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A statement otherwise protected by the doctrine of qualified privilege may lose its privileged character upon a showing of abuse, namely: (1) the communicator was primarily motivated by ill will in making the statement; (2) there was excessive publication of the defamatory statement; or (3) the statement is made without belief or grounds for belief in its truth.
Becky Chambers filed suit for defamation against her former employer, American Trans Air, Inc., and two former supervisors, Laura Knowles and John Piburn, alleging that the defendants were making defamatory statements when prospective employers called for references. The trial court granted summary judgment on the basis that there was no publication of the allegedly defamatory statements. Chambers appealed.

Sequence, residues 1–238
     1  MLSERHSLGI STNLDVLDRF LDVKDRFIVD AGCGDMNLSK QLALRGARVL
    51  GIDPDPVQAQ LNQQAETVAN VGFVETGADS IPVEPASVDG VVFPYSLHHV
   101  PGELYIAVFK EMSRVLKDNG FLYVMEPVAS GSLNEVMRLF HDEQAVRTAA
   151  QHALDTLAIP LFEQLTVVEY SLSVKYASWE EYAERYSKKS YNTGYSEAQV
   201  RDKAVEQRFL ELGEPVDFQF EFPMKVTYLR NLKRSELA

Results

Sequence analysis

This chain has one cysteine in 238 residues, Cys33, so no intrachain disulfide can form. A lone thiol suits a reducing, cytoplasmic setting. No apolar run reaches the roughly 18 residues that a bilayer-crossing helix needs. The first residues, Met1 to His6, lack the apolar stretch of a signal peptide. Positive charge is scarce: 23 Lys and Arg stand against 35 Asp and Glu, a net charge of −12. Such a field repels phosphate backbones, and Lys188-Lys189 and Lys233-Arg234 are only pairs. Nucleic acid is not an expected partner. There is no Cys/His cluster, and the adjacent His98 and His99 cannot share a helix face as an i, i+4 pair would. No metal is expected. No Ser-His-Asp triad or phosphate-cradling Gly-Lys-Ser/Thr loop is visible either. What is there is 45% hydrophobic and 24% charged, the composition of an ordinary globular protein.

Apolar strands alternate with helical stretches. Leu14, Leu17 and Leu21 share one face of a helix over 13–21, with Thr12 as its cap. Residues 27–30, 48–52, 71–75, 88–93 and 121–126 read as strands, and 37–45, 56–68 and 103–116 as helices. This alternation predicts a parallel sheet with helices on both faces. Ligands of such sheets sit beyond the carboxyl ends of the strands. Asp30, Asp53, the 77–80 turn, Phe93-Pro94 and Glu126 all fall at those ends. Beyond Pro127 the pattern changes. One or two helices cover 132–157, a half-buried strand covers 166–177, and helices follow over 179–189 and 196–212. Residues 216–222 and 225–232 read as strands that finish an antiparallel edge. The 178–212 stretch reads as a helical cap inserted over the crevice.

Could the defendants be held liable for defamation?
The court addressed the issue from the standpoint of privilege. The court discussed the concept of qualified privilege and found that such a privilege existed with regard to statements given to prospective employers concerning the former employee. The court noted that this privilege could be overcome upon a showing of abuse. The court found, however, that the former employee presented no material facts showing that either the former employer's or former supervisors' allegedly defamatory statements were primarily motivated by ill will. Thus, the court concluded that the former employee failed to show any abuse of the qualified privilege available to the former employer and former supervisors.